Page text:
The building’s intricately carved pilaster and column capitals have more than 1,600 acanthus leaves. However, “a leaf is not a leaf,” says Becker. “If you measured each, they were not all the same size.” After measuring and analyzing the range of sizes, a prototype was developed. Paulo Costa and Sons in Italy worked on a model and were able to mass produce the leaves, a rarity on this project.
The leaves were not the only embellishments. The façade of the building was filled with unique, ornate carvings. There were several swags with fruit adorning the building. When these were in need of replacement, small blocks were put in place, and Margaret “Mimi” Moore of Moore Carving carved the fruit. Deterioration was so advanced, it was hard to tell the original detail — was it a melon or a pineapple? Historic images taken during the original construction were an invaluable reference from which. Moore could sculpt. This ensured architectural, as well as historic, integrity.
Historic integrity and consistency were a large piece of the Minnesota State Capitol puzzle. Stone carvers are artists, and each has an individual eye for aesthetics. Rather than allow for varying points of view, HGA established design standards. Ribbons on newly fabricated scrolls could be off by half an inch and would have to be modified by Twin City Tile and Marble carvers. When new personnel would join the project, they were given this frame of reference. It was important when updating these pieces that variation from piece to piece was minimal.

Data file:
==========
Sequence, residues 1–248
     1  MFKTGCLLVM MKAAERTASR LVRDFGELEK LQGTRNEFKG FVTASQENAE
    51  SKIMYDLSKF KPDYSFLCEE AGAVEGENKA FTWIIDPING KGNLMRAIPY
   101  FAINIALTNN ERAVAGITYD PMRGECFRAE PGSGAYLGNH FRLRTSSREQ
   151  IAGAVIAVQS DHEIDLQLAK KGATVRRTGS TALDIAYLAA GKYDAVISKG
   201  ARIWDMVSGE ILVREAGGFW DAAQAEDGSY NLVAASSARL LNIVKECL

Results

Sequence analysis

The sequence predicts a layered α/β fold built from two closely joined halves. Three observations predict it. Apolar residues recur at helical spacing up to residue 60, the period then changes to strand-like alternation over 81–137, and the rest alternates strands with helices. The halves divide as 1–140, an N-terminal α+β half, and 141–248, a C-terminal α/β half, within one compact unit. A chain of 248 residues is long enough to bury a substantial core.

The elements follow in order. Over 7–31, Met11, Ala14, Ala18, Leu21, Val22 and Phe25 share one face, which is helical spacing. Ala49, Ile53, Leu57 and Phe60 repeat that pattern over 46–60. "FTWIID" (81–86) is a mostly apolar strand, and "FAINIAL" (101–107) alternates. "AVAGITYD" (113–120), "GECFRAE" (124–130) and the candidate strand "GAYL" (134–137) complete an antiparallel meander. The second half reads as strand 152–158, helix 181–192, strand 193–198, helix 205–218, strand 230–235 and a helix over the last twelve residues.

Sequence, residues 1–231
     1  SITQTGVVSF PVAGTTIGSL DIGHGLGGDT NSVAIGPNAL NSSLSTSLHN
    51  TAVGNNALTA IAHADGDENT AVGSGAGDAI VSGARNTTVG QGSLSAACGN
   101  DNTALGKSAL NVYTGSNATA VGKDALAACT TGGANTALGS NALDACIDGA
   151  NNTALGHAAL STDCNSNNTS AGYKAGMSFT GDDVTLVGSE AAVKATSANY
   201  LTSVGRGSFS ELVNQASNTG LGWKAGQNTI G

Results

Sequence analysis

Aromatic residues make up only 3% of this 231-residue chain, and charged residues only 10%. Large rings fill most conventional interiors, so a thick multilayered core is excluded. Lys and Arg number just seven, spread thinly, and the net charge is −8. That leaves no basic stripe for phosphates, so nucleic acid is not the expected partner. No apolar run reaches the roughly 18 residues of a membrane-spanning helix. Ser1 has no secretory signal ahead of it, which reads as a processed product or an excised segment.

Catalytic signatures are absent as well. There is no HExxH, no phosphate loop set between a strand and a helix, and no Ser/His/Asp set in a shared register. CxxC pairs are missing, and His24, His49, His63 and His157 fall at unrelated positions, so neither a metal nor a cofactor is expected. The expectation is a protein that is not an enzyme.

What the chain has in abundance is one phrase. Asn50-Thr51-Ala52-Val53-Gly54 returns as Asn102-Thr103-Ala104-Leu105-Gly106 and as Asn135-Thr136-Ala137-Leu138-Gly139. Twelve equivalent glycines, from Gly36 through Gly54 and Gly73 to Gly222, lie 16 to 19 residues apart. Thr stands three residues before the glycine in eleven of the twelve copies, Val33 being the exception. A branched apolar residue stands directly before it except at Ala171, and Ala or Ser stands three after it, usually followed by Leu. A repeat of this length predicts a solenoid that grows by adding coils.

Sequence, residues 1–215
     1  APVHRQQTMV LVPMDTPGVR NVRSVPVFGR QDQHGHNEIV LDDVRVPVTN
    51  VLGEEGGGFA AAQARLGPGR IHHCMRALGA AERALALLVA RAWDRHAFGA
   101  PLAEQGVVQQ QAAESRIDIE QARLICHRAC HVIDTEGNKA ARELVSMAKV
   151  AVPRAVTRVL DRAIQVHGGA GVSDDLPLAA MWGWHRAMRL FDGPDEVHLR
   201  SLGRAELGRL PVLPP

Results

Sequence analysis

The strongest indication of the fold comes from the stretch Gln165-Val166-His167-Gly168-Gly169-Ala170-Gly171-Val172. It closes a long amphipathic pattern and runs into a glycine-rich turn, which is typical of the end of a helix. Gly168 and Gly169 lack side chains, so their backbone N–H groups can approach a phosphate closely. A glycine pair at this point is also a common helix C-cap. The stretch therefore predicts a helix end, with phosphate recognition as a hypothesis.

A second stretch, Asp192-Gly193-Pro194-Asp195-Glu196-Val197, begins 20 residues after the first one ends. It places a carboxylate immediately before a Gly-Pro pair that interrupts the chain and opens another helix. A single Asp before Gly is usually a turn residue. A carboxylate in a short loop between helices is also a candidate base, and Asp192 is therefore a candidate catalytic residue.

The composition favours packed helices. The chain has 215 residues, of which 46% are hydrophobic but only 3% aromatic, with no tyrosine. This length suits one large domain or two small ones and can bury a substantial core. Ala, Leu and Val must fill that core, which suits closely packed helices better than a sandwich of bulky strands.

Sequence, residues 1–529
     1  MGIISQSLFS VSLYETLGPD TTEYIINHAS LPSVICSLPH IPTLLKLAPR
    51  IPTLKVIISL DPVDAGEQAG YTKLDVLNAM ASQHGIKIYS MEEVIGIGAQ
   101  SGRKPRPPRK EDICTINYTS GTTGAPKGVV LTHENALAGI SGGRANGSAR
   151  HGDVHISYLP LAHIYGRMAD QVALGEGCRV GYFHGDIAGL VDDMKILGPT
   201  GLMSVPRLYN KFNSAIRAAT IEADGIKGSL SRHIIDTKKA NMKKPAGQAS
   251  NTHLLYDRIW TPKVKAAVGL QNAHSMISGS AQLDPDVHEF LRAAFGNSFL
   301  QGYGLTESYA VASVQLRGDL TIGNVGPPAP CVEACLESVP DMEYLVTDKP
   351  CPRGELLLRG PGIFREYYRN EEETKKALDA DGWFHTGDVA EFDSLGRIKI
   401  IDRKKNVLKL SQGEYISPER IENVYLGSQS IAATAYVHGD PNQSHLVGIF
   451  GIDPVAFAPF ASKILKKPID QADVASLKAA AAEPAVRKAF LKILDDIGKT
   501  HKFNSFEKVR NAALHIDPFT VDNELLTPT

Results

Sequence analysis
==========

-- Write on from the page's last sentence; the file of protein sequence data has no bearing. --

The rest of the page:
Additionally, Advanced Masonry was tasked with patching. “Sarah Arkeh and Krista Rogers colorized the new stone to match the patina of the existing stone,” says Tim Miller, president of Advanced Masonry. “Their work was like a snowflake; no two pieces were the same.”
“The pool of master stone carvers is somewhat limited,” observes Lackovic. “We were very fortunate to find so many talented people with such highly developed skill sets. Without them, we could not have accomplished what we set out to do.”
The patching, blending, installing and carving were phased horizontally around the building. “When they took the scaffolding down from the first phase, we were able to finally get a full perspective. It was the second time my heart almost stopped,” says Lackovic.
Although the team was deliberate and holistic in its approach, there was concern that a mix of new and old stone would detract from the dignified appearance of the building. It didn’t, thanks to the forethought of HGA and WJE to balance the location of the work, and due to the superior patching and blending of the stone by the masons on the team. A clean and smooth finished project was unveiled.